Cat Fanatic Proves You Can Fight City Hall

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Here’s a question for you. Do you think the government (town, city, county or state) should be allowed to regulate how many pets you have?

Personally I have mixed feelings on the topic. On one hand I think it’s a great way to prevent hoarding — as long as the laws are actually enforced before things get out of hand. I also think it’s a good way to encourage responsible pet ownership — even if it can’t guarantee that people will treat their pets properly.

And then there’s the rebellious part of me. This is the part that says, “Wait just a minute. How dare you tell me how many pets I can have?”

Fighting city hall — and winning

Apparently a Utah man feels the same way. As recently reported in The Salt Lake Tribune, a West Valley City resident has two black cats and wanted to get another one. But when he went to the local animal shelter to get one, he learned that he couldn’t because of a city regulation limiting the number of cats and dogs residents could have to two per household.

Furr-911 rescues Hurricane Harvey kittens.
Hurricane Harvey kittens make an appearance at Puttin’ on the Dog festival, courtesy of FURR-911. Photo by Alexandra Bogdanovic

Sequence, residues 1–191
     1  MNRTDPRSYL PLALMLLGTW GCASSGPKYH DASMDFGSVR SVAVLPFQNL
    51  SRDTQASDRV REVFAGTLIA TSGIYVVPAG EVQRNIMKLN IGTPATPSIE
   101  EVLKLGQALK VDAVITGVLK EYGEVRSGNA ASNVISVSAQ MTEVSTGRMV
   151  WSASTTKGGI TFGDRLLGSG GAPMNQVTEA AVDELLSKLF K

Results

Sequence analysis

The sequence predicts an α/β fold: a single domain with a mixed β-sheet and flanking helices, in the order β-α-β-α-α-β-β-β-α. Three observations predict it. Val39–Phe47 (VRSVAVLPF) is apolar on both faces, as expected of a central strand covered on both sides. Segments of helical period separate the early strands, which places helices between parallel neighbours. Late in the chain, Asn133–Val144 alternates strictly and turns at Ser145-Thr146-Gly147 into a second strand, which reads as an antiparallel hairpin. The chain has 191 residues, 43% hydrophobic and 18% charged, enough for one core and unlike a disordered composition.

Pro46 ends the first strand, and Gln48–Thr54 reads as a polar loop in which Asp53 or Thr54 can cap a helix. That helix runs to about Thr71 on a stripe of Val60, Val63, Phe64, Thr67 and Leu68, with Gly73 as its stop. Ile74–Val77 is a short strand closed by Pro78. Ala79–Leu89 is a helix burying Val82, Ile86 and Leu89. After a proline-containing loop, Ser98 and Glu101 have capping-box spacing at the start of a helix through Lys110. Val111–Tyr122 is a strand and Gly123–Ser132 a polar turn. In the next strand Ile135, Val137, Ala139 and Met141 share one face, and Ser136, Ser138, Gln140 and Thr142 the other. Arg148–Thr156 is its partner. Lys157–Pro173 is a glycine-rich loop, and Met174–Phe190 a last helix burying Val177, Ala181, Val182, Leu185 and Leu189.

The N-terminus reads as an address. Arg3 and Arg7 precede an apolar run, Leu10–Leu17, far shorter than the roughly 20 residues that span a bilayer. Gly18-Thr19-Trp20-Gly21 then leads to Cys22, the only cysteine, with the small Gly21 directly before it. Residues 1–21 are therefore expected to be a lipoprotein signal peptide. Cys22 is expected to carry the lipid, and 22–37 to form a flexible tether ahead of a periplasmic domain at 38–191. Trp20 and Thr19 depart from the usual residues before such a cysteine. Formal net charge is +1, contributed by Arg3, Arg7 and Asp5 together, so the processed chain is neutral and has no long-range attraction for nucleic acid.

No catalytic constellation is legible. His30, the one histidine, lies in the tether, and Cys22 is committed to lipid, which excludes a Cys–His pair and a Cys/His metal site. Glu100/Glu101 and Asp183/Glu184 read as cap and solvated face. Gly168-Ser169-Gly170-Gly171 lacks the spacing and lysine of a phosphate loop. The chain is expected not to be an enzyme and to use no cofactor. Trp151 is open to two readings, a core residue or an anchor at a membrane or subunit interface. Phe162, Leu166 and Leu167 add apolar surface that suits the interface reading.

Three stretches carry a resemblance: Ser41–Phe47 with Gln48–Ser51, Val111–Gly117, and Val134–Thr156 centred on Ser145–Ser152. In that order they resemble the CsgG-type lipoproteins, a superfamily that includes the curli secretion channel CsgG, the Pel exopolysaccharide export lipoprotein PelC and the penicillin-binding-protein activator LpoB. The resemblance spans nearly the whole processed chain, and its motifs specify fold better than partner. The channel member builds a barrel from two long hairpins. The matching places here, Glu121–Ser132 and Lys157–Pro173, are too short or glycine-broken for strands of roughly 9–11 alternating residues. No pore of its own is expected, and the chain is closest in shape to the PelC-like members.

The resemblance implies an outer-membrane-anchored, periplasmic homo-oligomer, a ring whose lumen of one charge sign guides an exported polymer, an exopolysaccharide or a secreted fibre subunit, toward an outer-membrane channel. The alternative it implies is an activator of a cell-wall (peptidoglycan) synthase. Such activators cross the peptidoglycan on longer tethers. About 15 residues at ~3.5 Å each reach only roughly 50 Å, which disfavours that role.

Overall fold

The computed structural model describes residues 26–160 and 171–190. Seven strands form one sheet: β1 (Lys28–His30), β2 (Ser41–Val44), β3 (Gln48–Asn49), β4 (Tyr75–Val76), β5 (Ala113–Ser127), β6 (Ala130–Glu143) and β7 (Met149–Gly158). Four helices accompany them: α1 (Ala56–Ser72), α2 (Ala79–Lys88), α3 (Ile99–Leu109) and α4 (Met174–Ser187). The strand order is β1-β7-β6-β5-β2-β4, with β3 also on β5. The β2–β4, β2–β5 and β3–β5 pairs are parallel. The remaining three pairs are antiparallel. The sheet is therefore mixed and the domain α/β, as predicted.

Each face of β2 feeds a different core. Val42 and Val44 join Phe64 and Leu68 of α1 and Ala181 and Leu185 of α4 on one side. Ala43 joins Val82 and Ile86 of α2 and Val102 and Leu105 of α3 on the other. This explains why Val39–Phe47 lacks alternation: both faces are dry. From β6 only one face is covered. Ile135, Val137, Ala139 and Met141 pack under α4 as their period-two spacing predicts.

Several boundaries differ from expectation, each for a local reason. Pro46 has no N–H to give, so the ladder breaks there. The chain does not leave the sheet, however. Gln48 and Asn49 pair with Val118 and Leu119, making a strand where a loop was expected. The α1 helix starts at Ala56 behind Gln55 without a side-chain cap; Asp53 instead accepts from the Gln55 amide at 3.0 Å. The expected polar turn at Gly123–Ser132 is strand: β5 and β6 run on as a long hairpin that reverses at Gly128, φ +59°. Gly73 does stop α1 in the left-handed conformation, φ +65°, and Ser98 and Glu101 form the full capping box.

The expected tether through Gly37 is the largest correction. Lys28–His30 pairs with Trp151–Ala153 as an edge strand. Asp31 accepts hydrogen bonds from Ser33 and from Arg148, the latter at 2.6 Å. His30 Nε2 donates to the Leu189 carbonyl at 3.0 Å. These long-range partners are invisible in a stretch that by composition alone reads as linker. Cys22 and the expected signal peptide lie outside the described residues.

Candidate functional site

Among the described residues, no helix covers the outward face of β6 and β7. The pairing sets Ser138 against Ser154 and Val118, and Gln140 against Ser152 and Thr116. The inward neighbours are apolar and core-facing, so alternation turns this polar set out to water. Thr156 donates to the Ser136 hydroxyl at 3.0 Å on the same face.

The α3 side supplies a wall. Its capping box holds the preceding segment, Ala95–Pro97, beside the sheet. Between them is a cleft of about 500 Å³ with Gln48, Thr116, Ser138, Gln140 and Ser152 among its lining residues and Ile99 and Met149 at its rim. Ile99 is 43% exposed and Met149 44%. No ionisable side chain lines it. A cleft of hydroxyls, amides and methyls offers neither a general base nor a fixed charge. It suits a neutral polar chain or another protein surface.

When he learned the only way to change that was to convince the city to change the rules, he took the challenge seriously. And after six months of lobbying, his persistence finally paid off.

Earlier this month, the City Council unanimously passed an amended ordinance that “would allow for pet owners to apply for a permit to have up to four cats or dogs.” However, the restriction pertaining to the total number of pets is unchanged, meaning that residents still can’t have four cats and four dogs. An exception to the limit for kittens and puppies up to 4-months old is also unchanged.

A matter of personal preference

As it stands, I have had cats since I was 10. But the only time I had more than one was when my ex and I were married. And I’ll be honest. Having two cats in a small apartment was an adventure, especially since my cat was the alpha.